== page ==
By Eugene Yamnitsky
Product Management & Innovation
Over the past 5 months I’ve been talking to many people interested in innovation, and fairly consistently people assume that innovation is only for engineers. This is a myth worth busting. Like it is with many things in life, the real answer is in finding the right balance. Seasoned Entrepreneurs unanimously advocate balance in the form of the “3H” founding team: Hacker (the coder) / Hipster (the designer) / Hustler (the go-getter).
Remember the dot-com bubble? There were many factors which led to its burst, but one in particular worth mentioning is how often companies ignored the desirability of their products. A major problem was that founders followed the “if we build it, they will come” mentality, and were surprised when “they” didn’t come. Many of these founders ignored the desirability aspect of their cool ideas, and instead went straight to coding.
Don’t get me wrong, having a working prototype you could give to the user to get feedback is invaluable, but unless you are a good software engineer who can produce the proof of concept fast, and make changes often to adapt to the feedback, that path has a high barrier to entry – it is simply too difficult and risky to follow.
Thankfully, the Lean Startup framework outlined by authors Steve Blank and Eric Ries holds the key to innovation, and does not require coding in the early stages when your most important task is to find the product-market fit. This framework has several practices and tools. These include Customer Development, Design Thinking, Value Proposition Design, and Business Model Canvas.
Regardless of whether the founding team is versed in coding, following these practices will help increase the likelihood of your venture’s success. Here is how it works at a high level. Note that these steps are not sequential; it is recommended to do a little of everything and iterate, iterate, iterate.
Define the Customer/Problem/Solution trio
Too many startups attempt to solve multiple problems for a very large market. This leads to a lack of focus, and precious resources being spread too thin. Instead, try to define one customer segment which is most likely to benefit from your solution, define what the biggest problem you are solving for that segment is, and define a solution to that problem.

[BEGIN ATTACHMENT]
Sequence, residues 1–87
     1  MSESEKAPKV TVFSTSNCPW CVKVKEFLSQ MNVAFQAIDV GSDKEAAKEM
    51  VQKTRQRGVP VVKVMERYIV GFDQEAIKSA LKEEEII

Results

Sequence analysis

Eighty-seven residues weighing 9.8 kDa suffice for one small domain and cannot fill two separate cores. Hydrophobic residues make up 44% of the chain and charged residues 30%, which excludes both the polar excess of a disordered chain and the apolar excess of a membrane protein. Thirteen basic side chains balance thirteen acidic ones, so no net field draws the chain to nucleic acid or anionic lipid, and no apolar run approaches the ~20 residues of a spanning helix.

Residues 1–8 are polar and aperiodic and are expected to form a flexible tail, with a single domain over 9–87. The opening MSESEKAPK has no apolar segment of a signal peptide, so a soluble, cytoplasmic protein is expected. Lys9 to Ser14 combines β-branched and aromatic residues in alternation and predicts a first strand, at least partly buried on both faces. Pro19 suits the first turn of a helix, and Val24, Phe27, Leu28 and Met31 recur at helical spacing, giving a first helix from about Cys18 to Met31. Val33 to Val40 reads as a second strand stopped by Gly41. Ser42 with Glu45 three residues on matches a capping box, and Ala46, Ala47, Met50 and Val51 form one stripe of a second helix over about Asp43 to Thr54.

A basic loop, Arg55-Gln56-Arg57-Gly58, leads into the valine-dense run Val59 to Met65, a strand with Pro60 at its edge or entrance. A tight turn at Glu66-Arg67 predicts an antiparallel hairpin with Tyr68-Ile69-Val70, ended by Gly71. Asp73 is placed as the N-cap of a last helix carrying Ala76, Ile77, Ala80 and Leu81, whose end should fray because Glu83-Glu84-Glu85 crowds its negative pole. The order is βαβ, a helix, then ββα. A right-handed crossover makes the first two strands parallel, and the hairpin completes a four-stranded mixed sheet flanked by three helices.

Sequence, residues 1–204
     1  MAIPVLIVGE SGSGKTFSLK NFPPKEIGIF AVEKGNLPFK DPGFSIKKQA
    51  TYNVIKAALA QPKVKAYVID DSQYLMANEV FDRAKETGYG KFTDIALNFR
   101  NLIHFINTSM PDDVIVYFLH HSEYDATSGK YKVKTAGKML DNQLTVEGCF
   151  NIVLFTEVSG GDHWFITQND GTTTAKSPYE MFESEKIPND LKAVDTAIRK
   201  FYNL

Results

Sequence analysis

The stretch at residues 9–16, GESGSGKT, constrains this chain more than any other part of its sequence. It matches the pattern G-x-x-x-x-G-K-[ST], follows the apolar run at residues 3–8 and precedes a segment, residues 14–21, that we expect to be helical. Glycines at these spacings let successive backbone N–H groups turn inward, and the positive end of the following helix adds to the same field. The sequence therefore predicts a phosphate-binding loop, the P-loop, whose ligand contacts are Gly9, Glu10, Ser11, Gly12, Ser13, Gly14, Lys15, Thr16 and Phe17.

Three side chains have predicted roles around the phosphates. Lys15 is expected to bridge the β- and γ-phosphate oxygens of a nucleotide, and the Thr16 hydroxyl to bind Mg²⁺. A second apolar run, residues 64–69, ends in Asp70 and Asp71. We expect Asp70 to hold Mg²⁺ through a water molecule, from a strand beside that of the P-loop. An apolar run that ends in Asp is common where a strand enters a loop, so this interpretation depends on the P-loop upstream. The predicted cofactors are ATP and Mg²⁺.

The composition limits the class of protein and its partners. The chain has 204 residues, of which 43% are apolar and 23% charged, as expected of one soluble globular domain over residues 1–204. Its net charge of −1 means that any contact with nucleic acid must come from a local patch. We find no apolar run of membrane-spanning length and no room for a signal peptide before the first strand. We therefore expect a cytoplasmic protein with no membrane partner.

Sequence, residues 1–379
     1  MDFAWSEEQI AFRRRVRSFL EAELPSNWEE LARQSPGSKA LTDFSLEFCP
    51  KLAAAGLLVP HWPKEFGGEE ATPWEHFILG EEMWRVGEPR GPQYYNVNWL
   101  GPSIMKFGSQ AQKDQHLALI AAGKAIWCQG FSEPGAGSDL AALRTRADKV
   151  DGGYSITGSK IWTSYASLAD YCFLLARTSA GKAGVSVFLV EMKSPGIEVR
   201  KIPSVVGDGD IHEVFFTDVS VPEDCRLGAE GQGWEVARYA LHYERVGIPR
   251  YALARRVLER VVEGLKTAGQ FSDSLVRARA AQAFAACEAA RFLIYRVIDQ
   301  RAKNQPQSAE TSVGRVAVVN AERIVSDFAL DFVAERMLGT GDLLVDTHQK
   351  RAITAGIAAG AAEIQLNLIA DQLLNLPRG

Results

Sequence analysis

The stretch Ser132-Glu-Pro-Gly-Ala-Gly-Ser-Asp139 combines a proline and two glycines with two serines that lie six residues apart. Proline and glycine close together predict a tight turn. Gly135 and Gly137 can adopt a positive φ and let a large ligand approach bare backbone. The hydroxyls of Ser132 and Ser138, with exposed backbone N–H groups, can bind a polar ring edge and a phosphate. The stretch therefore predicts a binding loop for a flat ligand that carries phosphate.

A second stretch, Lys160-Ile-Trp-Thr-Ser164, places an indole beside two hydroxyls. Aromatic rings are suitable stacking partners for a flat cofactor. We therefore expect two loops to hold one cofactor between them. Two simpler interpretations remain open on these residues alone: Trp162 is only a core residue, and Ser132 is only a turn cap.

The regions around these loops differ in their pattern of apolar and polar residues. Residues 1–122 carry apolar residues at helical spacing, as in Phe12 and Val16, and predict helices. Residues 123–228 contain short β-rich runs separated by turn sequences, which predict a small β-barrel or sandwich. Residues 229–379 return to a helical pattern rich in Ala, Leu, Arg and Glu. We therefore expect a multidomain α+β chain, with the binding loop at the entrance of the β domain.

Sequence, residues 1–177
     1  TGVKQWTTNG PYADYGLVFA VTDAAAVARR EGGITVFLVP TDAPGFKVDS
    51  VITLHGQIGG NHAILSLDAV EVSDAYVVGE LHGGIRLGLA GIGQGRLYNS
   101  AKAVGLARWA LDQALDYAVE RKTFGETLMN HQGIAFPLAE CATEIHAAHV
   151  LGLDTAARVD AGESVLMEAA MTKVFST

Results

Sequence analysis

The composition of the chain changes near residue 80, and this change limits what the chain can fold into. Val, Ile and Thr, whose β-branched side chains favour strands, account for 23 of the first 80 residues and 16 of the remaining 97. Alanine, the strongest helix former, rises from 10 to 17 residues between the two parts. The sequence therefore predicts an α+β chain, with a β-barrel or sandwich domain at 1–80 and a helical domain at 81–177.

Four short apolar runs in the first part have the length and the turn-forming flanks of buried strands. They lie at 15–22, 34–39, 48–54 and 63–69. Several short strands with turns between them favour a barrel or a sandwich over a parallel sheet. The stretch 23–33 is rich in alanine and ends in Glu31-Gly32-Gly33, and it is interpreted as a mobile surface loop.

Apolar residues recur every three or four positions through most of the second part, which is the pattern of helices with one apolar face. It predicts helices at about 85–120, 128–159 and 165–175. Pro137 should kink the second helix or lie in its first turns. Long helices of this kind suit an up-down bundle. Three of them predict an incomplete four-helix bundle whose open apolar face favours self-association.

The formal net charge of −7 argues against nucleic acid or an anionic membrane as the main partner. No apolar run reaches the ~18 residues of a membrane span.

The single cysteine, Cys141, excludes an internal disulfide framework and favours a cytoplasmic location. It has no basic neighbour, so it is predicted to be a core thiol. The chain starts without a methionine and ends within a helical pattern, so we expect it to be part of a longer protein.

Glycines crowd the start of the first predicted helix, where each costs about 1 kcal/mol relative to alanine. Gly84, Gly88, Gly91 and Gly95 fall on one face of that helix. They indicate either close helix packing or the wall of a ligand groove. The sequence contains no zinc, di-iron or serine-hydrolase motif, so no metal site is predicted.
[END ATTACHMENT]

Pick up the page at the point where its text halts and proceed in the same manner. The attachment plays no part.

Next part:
Define your hypotheses and validate them
Now that the above trio is defined, you need to make sure your assumptions about the problem are right. Ask yourself: does the problem really exist and is it worth solving? In order to validate your assumptions, you’ll need to form several hypotheses then build a questionnaire that you will use to learn about your customer and validate the hypotheses. Then it’s time to reach out to your friends, family, and colleagues to find people matching your customer profile and interview them. After 10+ interviews assess what you have learned. Are your assumptions being validated? Did you learn about a different problem worth solving instead? Refine your assumptions, update your questionnaire and continue the interviews.
Define the business model and validate it
If after several iterations and going back and forth between the previous steps you begin to feel like you are onto something, then it’s time to define things like the business model, your unique value proposition, what unfair advantage your solution could leverage, and what partnerships, revenue streams, etc. might be possible.
Build a Minimum Viable Product (MVP)
When you are getting even closer to making a decision on whether to build the product it’s time to show your customers what the solution may look like in the upcoming interviews. The MVP may take many forms. Perhaps it is a simple click-through prototype made in a tool like InVision. According to Eric Ries, an MVP is not merely a minimum set of features acceptable to the customer, an MVP is a minimum set of features that helps validate your hypotheses, and as such, does not have to be a real product. In fact, even your questionnaire is an MVP of sorts.
Now you’re ready to code
After you have validated that you are solving a pressing problem, and the feedback on your prototype is positive, you can go ahead and start coding the first version of your app. If you skip these steps and go directly to coding, there is a risk that you will be building something that no one wants, like so many did in the dot-com bubble days. Unfortunately this mistake is being repeated by startups these days as well.
We can all innovate
Now you can see that coming from non-engineering disciplines like Sales, Care, Services, Product Management, and Marketing has unique advantages, as founders from these disciplines have skills which are key to finding the product-market fit, and contribute to a successful innovation journey.
You can come from any discipline and become a successful innovator, and the time to get started is NOW!
Eugene is an innovation catalyst and product development leader with over 15 years of experience getting things done in conditions of uncertainty and fast paced change. He has a proven track record of success in early and late stage startups and large companies.